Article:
Salman Ahmad — founder of the Pakistani rock band Junoon — regaled a packed audience with his music at the recently concluded Sharjah International Book Fair. A rock star with a conscience, Ahmad has evolved from his Pakistani roots into a global peace envoy with the United Nations, as well as a bold humanitarian activist, who has risen to the occasion when natural calamities overturned the lives of millions of his countrymen. The musician was there to help when a massive earthquake struck Pakistan in 2005. When unprecedented floods devastated vast stretches of his country, Ahmad and his wife Samina were around to help rebuild homes and lives. The couple has been knocking on all possible doors to promote women’s education in the conflicted Swat valley; a cause movingly highlighted by Malala Yousafzai, the teenage education activist who is battling for her life at a U.K. hospital.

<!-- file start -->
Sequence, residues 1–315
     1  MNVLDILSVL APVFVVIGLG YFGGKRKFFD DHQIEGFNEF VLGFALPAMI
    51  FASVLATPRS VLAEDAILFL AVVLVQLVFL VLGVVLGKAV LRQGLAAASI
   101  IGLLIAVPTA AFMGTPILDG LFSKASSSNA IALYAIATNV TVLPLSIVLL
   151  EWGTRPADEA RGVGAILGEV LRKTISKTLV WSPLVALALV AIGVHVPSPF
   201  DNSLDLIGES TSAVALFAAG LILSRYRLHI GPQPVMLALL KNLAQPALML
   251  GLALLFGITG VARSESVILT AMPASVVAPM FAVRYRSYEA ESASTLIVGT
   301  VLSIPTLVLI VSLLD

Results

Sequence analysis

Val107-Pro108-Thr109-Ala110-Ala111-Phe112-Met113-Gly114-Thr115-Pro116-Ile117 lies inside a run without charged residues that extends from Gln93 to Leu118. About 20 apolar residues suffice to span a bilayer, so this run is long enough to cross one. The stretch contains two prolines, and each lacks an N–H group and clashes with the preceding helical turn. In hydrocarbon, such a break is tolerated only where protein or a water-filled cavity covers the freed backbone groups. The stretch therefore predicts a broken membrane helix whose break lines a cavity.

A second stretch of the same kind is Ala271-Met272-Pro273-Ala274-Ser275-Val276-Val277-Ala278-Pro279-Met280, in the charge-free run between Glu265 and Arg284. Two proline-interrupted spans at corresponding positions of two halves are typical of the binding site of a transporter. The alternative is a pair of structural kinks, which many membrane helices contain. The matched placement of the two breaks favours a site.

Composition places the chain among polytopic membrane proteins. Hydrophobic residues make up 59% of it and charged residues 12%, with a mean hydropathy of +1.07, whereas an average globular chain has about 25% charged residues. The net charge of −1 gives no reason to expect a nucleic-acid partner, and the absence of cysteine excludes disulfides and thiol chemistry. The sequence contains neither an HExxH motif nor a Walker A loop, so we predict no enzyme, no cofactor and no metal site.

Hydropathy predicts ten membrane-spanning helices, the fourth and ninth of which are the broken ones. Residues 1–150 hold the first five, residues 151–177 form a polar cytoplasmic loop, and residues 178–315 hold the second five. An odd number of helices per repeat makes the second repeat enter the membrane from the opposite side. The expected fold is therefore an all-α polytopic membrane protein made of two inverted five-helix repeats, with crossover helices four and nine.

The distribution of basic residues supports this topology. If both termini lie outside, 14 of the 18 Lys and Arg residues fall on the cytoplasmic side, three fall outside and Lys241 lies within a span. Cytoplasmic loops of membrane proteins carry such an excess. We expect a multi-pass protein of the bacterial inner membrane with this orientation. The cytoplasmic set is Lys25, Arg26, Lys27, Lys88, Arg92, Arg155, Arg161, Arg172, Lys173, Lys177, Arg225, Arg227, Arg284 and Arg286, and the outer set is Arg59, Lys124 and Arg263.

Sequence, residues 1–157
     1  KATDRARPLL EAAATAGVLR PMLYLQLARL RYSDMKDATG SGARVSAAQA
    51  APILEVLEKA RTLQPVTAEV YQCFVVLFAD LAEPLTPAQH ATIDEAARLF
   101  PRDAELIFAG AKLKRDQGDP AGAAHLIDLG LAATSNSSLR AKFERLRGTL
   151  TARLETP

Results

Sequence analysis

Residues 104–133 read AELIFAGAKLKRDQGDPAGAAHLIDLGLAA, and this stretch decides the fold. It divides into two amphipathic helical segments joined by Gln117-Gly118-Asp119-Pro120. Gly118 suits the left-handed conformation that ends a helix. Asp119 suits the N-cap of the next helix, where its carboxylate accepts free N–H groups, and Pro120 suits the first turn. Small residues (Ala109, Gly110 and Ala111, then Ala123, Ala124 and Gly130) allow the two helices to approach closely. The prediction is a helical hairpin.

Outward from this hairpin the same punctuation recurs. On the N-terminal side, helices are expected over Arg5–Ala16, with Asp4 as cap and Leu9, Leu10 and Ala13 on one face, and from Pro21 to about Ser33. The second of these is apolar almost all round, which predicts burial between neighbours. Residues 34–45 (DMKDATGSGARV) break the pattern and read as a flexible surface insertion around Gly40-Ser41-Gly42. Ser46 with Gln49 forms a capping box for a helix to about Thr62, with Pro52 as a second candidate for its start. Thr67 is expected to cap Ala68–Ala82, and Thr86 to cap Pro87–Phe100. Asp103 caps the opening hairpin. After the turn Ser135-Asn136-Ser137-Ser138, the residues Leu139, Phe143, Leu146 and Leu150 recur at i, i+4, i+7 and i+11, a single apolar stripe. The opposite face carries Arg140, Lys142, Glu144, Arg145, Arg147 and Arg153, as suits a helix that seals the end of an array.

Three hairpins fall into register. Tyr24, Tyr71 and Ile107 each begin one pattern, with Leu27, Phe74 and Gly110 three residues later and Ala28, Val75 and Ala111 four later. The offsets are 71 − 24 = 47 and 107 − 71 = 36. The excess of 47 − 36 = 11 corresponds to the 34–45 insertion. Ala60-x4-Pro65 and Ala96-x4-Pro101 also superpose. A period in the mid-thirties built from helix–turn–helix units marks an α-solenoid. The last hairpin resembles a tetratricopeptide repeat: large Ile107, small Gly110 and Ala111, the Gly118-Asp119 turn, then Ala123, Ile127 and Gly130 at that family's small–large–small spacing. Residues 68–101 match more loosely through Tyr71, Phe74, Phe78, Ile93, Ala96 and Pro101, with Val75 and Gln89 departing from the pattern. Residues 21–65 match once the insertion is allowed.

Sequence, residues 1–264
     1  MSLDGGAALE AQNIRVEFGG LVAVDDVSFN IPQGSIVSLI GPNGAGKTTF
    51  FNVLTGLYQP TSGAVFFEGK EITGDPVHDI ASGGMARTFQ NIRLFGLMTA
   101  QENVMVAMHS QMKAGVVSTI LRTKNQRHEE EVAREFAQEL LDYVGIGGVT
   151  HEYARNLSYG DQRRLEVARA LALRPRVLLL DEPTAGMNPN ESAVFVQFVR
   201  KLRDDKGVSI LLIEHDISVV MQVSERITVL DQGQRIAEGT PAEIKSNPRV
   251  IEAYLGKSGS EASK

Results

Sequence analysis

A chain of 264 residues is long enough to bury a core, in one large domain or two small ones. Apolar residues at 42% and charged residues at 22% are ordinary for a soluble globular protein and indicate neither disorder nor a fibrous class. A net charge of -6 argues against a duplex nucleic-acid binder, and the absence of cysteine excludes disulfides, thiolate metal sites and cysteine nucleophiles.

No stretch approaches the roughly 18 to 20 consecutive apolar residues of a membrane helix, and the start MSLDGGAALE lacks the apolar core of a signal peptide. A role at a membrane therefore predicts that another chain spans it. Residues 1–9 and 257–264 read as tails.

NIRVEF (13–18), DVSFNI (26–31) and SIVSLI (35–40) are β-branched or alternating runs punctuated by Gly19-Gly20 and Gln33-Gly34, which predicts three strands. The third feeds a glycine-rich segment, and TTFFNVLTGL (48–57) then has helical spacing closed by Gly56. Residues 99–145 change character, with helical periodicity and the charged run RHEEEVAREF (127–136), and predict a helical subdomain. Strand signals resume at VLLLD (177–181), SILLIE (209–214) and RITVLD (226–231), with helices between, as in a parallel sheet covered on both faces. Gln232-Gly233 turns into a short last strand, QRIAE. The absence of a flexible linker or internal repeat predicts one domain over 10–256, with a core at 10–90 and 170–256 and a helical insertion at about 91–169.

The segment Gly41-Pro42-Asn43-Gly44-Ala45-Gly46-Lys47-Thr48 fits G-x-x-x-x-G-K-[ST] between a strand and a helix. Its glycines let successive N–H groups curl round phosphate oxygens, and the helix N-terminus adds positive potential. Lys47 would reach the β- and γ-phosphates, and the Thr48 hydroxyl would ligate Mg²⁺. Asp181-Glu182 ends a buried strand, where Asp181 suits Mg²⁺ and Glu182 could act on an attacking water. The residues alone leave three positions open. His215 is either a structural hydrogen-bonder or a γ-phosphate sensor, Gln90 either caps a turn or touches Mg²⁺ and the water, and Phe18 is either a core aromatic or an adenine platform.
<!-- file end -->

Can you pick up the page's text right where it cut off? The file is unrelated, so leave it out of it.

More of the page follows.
Hoping to firmly ground their humanitarian and cultural aspirations, the couple launched the Salman and Samina Global Wellness Initiative (SSGWI) four years ago to promote interfaith and cross-cultural dialogue, global health and wellness issues and music education.
Ahmad made his appearance at the Sharjah book fair as an author whose writings evolved from the cataclysmic events of 9/11. His book Rock and Roll Jihad is an autobiographical work that hopes to eliminate the negative connotation of violence associated with the term jihad. “I published Rock and Roll Jihad after wrestling with the personal and social consequences of 9/11. All my life I wanted to perform music but after 9/11, I started asking myself what a Muslim artiste can do,” he told Khaleej Times.
Despite the departure of Ali Azmat and Brain O'Connell Ahmad soldiers along, without shedding the label Junoon, as a solo artist pursuing imaginative goals that easily transcend the narrow confines of pure music.